This morning, my Alpha Son Nick asked me if I would find a slow cooking recipe for rack of lamb, with a lot of garlic. It needs a lot of garlic.
Although it should not surprise me that Nick cooks things like rack of lamb – he is his French father’s son – it does give me pause.
I have only cooked rack of lamb once – long before Nick was born – for another Frenchman. From a Julia Child recipe. I sent Nick three recipes, including Julia Child's.
When Nick & I lived in Washington, D.C., I would cook lamb chops in red wine with a side of rosemary potatoes. My boss in D.C. loved to roast lamb, encrusted with herbs, on the grill.
But I don’t think that is why Nick prepares lamb for his wife & for his friends. I think it comes from his father Jacques, as did his affection for the caviar in a lobster & breakfasts of sausage & a baguette. Or a baguette & cheese. Or a baguette with anything.
In earlier decades, I would have been jealous of that influence. I will not sugar coat or deny that.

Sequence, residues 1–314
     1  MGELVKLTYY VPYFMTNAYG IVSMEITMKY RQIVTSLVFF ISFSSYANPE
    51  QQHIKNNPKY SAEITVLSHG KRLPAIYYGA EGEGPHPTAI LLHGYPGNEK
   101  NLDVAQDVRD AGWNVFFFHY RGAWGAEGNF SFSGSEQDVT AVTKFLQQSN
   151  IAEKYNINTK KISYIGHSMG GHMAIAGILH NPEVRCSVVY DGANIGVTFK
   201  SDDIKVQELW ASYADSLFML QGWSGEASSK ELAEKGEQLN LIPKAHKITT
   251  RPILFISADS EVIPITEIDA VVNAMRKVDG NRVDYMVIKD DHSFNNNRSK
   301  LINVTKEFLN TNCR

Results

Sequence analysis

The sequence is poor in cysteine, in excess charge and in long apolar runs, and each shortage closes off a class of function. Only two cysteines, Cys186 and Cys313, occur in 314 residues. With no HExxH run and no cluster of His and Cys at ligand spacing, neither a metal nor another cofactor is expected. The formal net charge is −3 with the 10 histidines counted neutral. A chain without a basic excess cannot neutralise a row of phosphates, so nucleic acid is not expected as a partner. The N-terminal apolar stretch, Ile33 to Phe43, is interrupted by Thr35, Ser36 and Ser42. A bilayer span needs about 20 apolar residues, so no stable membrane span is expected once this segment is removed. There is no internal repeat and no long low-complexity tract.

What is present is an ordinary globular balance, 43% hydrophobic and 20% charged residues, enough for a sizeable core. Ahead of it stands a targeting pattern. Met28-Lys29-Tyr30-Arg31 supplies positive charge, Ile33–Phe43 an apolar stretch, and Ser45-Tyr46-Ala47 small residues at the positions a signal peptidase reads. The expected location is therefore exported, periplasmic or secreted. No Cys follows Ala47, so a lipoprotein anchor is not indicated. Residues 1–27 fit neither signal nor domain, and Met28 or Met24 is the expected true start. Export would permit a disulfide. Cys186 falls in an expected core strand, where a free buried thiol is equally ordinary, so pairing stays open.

But now, I remember all the meals I shared with Nick’s father. The best country pate ever. The best venison stew ever. Lobster to die for, with homemade mayonnaise (although I always preferred melted butter). And Jacques’ grandmother’s recipe for a fried egg with vinegar & herbs.
Nick’s father was probably the only man who could convince me to try wild boar or pheasant. Although his introduction to tripe in Paris did not go well for Jaki Jean.
Although the desserts in Paris were sublime. But Jaki Jean does not do tripe – not in Menudo, not even in Paris.
For his rack of lamb, Nick has chosen a marinade of Dijon, red wine vinegar, olive oil, brown sugar, garlic & Italian herbs. With side dishes of scalloped potatoes & asparagus.
I think about this – that both of my sons cook. Although neither of them was ever interested in spending time with me in the kitchen. They were, however, appreciative of the results.
And now each of them has found their own way to the kitchen & preparing food.
Perhaps I did something good. I cannot take all the credit - Nick's father is an amazing cook. My youngest learned all his culinary talents on his own.
Because preparing food for people is a bit like writing. It is offering sustenance, an opportunity for conversation & companionship. And a way to share an edible text.
I hope Nick & Sam continue to share that edible text.